Sunday, September 25, 2016

What We Miss By Missing Metaphors (Brief Note Concerning Hyperliterality)

I once studied the Bible with a man, who was quite intelligent, but he would read the Bible hyperliterally. Admittedly, one can read Scripture hypermetaphorically too, but reading and understanding everything scriptural at face value (and hyperliterally) also has its pitfalls. To illustrate:

Gen. 1:3-God speaks light into existence.

Gen. 3:8-"And they hear the sound of Jehovah God walking up and down in the garden at the breeze of the day" (YLT)

"And they heard the voice of the LORD God walking in the garden in the cool of the day" (ERV)

Deut. 23:14-"for Jehovah thy God walketh in the midst of thy camp, to deliver thee, and to give up thine enemies before thee; therefore shall thy camp be holy, that he may not see an unclean thing in thee, and turn away from thee" (ASV).

Should these verses be understood literally (even hyperliterally) or be construed metaphorically? Did God just speak light into existence? Did Jehovah or his voice walk about in Eden? Did Jehovah circumambulate in the Israelite camp, and need to avoid human excrement, if Israel did not obey Deut. 23:13?

All of these verses make more sense, it appears, when they're read as metaphors or understood to be figures of speech.


Duncan said...

Does it depend on how you translate the words. Like speak.

Why is the speaking of light so hard to take seriously?

As for 3:8 sound and voice hold very different ideas.

Deut 23:14 is not quite the same just as Noah walked with elohim.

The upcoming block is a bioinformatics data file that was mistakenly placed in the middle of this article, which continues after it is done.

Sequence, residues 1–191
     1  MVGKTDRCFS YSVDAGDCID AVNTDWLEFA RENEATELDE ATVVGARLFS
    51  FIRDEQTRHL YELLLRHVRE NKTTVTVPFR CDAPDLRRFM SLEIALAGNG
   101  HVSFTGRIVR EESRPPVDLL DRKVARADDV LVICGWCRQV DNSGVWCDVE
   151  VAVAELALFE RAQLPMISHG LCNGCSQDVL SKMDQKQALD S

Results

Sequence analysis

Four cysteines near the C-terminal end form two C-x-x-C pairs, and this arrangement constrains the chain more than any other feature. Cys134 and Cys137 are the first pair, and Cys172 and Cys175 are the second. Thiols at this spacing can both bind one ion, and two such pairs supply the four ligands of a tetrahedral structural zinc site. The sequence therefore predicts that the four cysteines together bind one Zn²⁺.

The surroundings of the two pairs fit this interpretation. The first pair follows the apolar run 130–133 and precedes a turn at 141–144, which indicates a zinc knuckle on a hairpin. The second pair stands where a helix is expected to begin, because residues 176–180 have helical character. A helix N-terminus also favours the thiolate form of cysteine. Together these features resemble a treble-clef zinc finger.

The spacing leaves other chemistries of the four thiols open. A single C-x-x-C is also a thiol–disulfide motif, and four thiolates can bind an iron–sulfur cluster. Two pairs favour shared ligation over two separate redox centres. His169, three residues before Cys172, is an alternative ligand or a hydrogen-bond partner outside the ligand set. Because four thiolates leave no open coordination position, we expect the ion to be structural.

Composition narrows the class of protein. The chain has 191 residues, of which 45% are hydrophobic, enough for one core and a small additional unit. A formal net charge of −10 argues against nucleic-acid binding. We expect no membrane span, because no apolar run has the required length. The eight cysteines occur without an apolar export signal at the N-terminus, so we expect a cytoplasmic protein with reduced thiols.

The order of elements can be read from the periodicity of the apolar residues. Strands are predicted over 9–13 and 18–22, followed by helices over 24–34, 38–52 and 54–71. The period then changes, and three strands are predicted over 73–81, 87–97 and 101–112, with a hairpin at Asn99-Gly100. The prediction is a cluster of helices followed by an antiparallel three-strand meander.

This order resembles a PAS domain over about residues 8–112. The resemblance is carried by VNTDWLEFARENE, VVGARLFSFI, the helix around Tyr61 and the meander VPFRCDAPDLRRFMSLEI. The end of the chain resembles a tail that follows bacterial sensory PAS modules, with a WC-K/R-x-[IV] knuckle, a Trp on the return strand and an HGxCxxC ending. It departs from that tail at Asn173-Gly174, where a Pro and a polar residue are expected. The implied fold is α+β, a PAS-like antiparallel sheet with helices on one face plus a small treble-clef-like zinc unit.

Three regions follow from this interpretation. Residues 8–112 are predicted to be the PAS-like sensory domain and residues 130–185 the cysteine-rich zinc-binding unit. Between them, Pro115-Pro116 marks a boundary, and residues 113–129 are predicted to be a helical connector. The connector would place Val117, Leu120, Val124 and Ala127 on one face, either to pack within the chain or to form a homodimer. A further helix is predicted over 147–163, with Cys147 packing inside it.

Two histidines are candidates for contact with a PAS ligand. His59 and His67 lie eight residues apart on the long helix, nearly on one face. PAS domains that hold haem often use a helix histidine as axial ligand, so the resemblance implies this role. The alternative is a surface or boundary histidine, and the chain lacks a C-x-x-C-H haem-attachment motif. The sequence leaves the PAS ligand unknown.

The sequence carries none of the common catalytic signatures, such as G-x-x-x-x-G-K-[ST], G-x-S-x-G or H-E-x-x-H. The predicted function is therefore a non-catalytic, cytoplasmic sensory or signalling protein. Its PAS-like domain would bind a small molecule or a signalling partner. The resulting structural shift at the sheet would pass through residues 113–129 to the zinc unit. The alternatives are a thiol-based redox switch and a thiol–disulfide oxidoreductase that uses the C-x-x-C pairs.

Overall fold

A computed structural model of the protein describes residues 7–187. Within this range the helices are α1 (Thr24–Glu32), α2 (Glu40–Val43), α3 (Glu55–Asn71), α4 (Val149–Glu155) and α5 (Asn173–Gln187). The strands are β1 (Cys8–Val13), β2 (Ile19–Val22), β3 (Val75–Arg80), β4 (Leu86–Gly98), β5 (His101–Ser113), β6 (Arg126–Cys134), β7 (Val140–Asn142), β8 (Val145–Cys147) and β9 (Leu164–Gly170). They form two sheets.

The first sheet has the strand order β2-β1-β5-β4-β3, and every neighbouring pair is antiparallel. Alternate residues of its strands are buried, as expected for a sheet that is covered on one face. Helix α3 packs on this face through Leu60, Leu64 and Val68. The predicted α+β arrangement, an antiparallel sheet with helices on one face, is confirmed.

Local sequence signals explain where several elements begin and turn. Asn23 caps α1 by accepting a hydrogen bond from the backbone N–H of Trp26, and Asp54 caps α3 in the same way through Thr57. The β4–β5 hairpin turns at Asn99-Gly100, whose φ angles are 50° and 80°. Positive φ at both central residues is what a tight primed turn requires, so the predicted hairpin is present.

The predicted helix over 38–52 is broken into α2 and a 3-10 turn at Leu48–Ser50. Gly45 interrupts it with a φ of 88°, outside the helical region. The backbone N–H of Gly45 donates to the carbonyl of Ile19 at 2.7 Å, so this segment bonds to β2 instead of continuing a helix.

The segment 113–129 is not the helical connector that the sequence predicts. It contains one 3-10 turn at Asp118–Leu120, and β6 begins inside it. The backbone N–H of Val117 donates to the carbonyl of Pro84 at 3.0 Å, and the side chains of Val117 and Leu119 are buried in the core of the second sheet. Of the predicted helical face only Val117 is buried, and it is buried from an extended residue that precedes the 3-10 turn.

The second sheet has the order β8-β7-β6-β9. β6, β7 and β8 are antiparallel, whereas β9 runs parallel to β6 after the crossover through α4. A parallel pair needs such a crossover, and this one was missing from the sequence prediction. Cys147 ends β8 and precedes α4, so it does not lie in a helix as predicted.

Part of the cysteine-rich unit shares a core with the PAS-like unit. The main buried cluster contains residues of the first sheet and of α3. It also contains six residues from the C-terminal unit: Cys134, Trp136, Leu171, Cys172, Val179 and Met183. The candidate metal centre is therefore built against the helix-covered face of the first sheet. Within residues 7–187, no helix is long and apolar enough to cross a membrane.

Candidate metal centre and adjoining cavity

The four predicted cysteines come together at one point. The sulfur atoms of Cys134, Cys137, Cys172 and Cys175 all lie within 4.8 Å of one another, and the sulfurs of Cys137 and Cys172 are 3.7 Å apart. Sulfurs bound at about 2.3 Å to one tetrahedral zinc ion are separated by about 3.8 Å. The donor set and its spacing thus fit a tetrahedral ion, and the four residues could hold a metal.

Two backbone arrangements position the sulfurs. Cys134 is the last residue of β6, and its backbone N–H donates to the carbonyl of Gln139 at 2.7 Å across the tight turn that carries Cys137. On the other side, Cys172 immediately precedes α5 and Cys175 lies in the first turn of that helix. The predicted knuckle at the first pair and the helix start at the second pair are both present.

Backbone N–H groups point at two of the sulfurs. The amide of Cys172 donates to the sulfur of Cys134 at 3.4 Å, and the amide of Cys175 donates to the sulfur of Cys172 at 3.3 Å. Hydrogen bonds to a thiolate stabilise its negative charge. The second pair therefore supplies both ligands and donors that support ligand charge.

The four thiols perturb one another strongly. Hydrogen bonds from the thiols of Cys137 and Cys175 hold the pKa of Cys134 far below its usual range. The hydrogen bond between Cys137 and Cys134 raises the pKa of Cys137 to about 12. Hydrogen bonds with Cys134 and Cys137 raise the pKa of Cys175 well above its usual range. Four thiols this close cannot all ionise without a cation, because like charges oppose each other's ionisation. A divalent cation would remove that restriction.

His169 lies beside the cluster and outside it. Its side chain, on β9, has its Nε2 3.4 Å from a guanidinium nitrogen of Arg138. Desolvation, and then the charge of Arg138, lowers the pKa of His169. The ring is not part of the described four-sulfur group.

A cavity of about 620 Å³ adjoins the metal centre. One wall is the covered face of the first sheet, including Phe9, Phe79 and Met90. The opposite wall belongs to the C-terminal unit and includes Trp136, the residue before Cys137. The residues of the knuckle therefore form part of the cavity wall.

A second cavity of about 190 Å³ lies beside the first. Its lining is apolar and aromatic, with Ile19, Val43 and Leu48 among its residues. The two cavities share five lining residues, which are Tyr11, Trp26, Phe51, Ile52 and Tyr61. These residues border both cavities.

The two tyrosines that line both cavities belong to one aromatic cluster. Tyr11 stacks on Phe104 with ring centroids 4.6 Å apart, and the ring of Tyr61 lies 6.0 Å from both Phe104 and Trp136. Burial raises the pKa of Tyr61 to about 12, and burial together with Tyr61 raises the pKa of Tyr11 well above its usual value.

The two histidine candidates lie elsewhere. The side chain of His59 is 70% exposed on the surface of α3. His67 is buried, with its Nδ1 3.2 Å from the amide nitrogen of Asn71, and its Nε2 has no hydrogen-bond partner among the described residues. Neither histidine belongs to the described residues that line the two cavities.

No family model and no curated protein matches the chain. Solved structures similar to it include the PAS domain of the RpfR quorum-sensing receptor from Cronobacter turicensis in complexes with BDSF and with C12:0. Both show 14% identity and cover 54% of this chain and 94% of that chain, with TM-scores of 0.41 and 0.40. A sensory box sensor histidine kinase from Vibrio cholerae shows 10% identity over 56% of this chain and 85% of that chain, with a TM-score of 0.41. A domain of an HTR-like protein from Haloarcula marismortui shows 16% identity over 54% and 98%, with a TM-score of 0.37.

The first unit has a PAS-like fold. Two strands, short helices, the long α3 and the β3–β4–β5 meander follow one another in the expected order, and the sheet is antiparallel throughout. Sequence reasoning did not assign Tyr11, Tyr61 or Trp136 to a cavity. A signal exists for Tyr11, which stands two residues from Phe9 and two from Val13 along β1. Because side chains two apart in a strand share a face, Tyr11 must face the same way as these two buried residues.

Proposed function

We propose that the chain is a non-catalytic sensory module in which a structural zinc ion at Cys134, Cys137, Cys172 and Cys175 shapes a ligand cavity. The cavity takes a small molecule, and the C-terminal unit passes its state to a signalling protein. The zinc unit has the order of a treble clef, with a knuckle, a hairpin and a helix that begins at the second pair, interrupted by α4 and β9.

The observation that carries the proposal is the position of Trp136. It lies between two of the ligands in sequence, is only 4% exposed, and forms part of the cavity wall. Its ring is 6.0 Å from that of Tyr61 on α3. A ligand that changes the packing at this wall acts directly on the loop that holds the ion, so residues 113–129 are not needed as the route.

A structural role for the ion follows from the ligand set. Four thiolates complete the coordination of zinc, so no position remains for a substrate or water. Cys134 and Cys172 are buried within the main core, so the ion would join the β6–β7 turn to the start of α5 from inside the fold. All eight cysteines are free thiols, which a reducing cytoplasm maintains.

Edgar Foster said...


I'm not just saying that he spoke light, but Jehovah said "let there be light" or "let light come to be" and there was light (i.e., light came into existence). So it could be said that God spoke light into being: He did not do something physically to bring light into existence. However, my point is that speaking (event A) and light coming to be (event B) is a potentially a metaphorical act. I want to emphasize that this is not an attempt to trivialize divine action.

Whether we render "sound" (as Young's Literal Translation does" or "voice" (English Revised Version), the point is that sounds or voices don't literally walk. Moreover, I would submit that Jehovah himself was not literally in Eden.

It seems that the language "Noah walked with elohim" and YHWH walked among the Israelites are both examples of metaphorical speech/language. We don't literally walk with God nor does God literally/physically walk among Israel. Literal walking requires a physical body, which God doesn't have.

Jesse Hendricks said...

Hi Edgar.How can I get a hold of you(email if possible)

Your brother
Edward Hendricks

Duncan said...

Is 1 kings 8:27 telling us that God is not here on earth or amongst us? If God is not physical then he does not have physical constraints. If God is observing us literally without eyes or the need for light then one has to choose between anthropomorphism or metaphorical illustration.

Edgar Foster said...

Hi Edward,

if you supply an email address by means of submitting a comment--I won't publish it here--then I'll send you a message.

Your brother,


Edgar Foster said...

The point of 1 Kings 8:27--or one point--seems to be that God (Jehovah) cannot reside on earth or literally dwell amongst us. I think most agree that he does not have physical constraints: he is transcendent in relation to the universe. Having said the foregoing, I must say that Jehovah is also immanent by mans of his holy spirit. In terms of metaphor or anthropomorphism, I think the Bible uses both for God. To say that God has eyes is evidently anthropomorphic speech, but other cases may involve metaphorical predication.

Duncan said...

πνεύμα ο θεός

Edgar Foster said...

That means "spirit the God" or possibly "God the spirit" or "God is the spirit."

Anonymous said...

Hi Edgar,